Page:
Ask yourself, “What do I think about leadership and myself as a leader?” Each one of us has a wide range of skills, interests and abilities that we use in our daily lives – at home with our family – on the job – and in our communities. As Extension continues to focus on youth and adult leadership, I hope to motivate you to release the leader within and get yourself up and moving to contribute as a leader to your school, church, community or even among your friends.
As you consider your leadership philosophy and style, ask yourself what can I contribute to my organizations and community – either on or off the job? Understanding and supporting the motivation of the individual group member is vital. Your own enthusiasm and commitment are also crucial to success. As someone who attends a great deal of meetings each month, I see a wide range of leadership and experience in serving on local boards. In my observations, the best leaders are not always the most outspoken or aggressive, but often the “thinkers” at the back of the room who wait until the perfect moment to speak their opinions. That is not to say those that speak up are wrong in their ideas, just that we should all be aware of possible leaders at our activities – and not determine leadership by where a person sits in the room.
Citizen leaders are people in the community who are concerned about the quality of life in their community. They assume responsibility for the public good and see a need to act together for the common good of the community. Citizen leaders take ownership of the problems and opportunities that exist in the community and hold themselves accountable for seeing that action is taken. In other words, they don’t want “experts” or politicians to solve the problems for them.
Citizen leaders work with others in the community to identify opportunities or problems. They help others articulate a common purpose and set goals and objectives. They also assume that there are differences in the way people regard the opportunity or problem – such as different values of the people, different experiences, and different viewpoints. Citizen leaders help people connect their differences to the common purpose that brought them together. In other words, the citizen leader helps people see how their differences can be used to solve problems rather than be a point of conflict. In the Southwind District, these citizen leaders are often the most exciting group for us to work with. With a shared passion for the betterment of Allen, Neosho, Bourbon and Woodson Counties, with resources from Kansas State University, the possibilities are truly endless.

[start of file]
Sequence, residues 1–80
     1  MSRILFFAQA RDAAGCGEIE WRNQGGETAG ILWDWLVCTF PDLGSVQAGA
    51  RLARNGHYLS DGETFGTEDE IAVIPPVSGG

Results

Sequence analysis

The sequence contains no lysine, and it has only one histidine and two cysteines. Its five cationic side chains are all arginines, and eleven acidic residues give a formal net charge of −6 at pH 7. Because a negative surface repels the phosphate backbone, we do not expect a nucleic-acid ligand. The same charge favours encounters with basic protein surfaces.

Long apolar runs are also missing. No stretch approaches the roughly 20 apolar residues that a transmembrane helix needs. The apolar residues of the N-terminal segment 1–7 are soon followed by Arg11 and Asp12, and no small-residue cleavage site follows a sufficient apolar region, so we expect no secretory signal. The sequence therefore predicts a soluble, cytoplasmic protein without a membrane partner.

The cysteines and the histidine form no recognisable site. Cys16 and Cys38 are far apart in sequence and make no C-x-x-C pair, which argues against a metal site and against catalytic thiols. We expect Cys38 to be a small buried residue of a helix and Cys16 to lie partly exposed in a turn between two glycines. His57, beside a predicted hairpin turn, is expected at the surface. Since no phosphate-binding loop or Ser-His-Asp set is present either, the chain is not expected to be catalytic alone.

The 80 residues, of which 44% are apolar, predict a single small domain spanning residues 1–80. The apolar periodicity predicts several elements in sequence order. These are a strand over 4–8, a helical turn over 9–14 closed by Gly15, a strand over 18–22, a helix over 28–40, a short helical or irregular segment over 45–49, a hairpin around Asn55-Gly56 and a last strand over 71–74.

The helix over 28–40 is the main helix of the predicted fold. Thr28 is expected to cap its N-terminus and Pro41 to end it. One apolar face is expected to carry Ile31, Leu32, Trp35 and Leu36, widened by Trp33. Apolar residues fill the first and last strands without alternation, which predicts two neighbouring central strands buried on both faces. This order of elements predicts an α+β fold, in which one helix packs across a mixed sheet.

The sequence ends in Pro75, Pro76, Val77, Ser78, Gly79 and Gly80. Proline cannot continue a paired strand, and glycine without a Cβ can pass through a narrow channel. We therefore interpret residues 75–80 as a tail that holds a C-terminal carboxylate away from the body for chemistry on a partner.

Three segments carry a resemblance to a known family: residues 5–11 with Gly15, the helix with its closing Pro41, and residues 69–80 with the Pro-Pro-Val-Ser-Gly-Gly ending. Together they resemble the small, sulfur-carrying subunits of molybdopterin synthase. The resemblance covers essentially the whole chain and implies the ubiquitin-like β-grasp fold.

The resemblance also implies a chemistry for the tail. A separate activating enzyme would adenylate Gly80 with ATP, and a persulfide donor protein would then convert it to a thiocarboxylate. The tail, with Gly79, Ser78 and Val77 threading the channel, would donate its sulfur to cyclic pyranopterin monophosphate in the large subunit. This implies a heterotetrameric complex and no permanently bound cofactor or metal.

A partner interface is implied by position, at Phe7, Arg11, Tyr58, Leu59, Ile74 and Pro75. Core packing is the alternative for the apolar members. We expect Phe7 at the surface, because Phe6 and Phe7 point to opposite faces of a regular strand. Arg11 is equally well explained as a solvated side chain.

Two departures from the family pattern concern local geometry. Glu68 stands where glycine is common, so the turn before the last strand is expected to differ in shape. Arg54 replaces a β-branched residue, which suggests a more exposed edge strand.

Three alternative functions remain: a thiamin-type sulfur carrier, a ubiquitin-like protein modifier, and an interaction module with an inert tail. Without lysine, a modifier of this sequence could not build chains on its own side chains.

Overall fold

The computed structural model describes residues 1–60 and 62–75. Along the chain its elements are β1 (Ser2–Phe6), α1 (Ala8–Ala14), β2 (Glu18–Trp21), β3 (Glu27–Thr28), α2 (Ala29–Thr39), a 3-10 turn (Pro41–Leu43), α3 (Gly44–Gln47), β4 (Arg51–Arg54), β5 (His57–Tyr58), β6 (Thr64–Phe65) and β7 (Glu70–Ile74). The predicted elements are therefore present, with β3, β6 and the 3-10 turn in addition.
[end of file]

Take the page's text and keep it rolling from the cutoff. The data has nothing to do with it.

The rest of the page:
When you are thinking about moving into a leadership position, or a more active role as a group member, think about these questions:
- What skills do I have to offer?
- What would I like to learn more about?
- What is it that I don’t like to do?
- What do I want to do, but am hesitant about?
As I observe our rural communities in the Southwind District, I can’t help but see the many opportunities that exist for your leadership. Think about what motivates you, get excited about that motivation and consider the opportunity to step up and serve as a local leader in your own community. I would be interested in your thoughts on leadership, so please email me at firstname.lastname@example.org if you are motivated to consider leadership as an activity and not just a position.